When I was in high school, I took a part-time job at a local factory. I lived in a small town in the middle of nowhere, and nearly everyone in the area worked at this plant because there were no other employment options. The product manufactured at that facility was fiberglass ladders for the telephone company. As far as the physical condition of the plant was concerned… let’s just say that it was one of the most appallingly unsafe places I had (and have) ever seen. The factory resembled something you might see in one of those sweatshop photos from the 1920s or ’30s. It looked like you would expect a fiberglass ladder factory to look if it had been built in the middle of a war zone. From start to finish, it was an OSHA nightmare.
Job training was minimal. Official safety training was non-existent. The machines were in poor condition and not guarded to any meaningful extent. The floors were heaped with manufacturing materials, and the walkways were crisscrossed with cords, cables and wires. The building was poorly lit, unheated and uncooled. Strands of fiberglass drifted through the unfiltered air. Objects that should have been sharp were dull, and those that should have been dull were sharp and jagged. There was no lockout program in effect, and none of the breakers or controls were labeled or marked. Company-supplied PPE was not to be found: Most employees brought gloves, glasses and scarves from home.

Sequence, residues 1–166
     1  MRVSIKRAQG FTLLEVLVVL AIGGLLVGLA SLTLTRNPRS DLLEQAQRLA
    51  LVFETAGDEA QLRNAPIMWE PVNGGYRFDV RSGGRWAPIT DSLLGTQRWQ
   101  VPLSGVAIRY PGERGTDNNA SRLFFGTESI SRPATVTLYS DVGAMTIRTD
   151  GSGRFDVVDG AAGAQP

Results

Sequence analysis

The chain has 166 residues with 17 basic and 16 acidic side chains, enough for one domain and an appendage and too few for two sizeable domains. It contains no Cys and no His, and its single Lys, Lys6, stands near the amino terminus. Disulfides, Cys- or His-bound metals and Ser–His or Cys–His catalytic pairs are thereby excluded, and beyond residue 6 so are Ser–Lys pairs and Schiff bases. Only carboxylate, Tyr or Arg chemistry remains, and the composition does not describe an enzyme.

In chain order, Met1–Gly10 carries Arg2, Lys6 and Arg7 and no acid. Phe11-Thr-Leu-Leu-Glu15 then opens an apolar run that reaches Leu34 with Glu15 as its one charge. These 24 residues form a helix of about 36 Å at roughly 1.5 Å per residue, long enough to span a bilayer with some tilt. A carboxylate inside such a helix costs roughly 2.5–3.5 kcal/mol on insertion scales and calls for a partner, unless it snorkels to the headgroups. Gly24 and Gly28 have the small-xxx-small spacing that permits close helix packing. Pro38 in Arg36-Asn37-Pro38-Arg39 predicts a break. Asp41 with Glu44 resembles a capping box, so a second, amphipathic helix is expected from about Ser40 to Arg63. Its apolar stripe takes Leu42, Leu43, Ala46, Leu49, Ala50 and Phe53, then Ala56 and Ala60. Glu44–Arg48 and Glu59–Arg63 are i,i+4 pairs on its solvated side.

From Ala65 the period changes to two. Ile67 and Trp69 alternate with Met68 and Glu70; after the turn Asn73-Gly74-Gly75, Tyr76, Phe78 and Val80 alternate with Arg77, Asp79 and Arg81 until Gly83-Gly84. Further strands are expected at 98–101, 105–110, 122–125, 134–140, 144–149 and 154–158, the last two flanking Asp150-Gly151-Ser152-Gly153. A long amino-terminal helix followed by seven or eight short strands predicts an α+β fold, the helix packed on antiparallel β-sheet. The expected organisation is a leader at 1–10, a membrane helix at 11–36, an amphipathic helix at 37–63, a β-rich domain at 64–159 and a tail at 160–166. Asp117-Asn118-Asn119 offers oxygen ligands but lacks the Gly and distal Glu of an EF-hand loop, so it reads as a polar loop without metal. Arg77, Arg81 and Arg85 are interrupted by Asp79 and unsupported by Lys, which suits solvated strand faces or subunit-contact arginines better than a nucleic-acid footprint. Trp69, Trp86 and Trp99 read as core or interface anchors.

While this place seemed like a fatality waiting to happen, during the four years I worked there, not a single person got hurt. Not one cut hand, stubbed toe or mashed finger was reported, nor did anyone trip, slip or fall down a dark stairwell. No one’s clothing, hair or stray body parts were caught in moving machinery. Nobody was burned, poisoned, broken, maimed or killed. This safety performance could have been termed a miracle given the conditions present in the plant. (Or the lack of incidents could have been attributed to the best run of good luck in the annals of modern manufacturing.) In point of fact, it was neither. What kept us all safe was a thriving safety culture that was unlike any I had seen before or have witnessed since.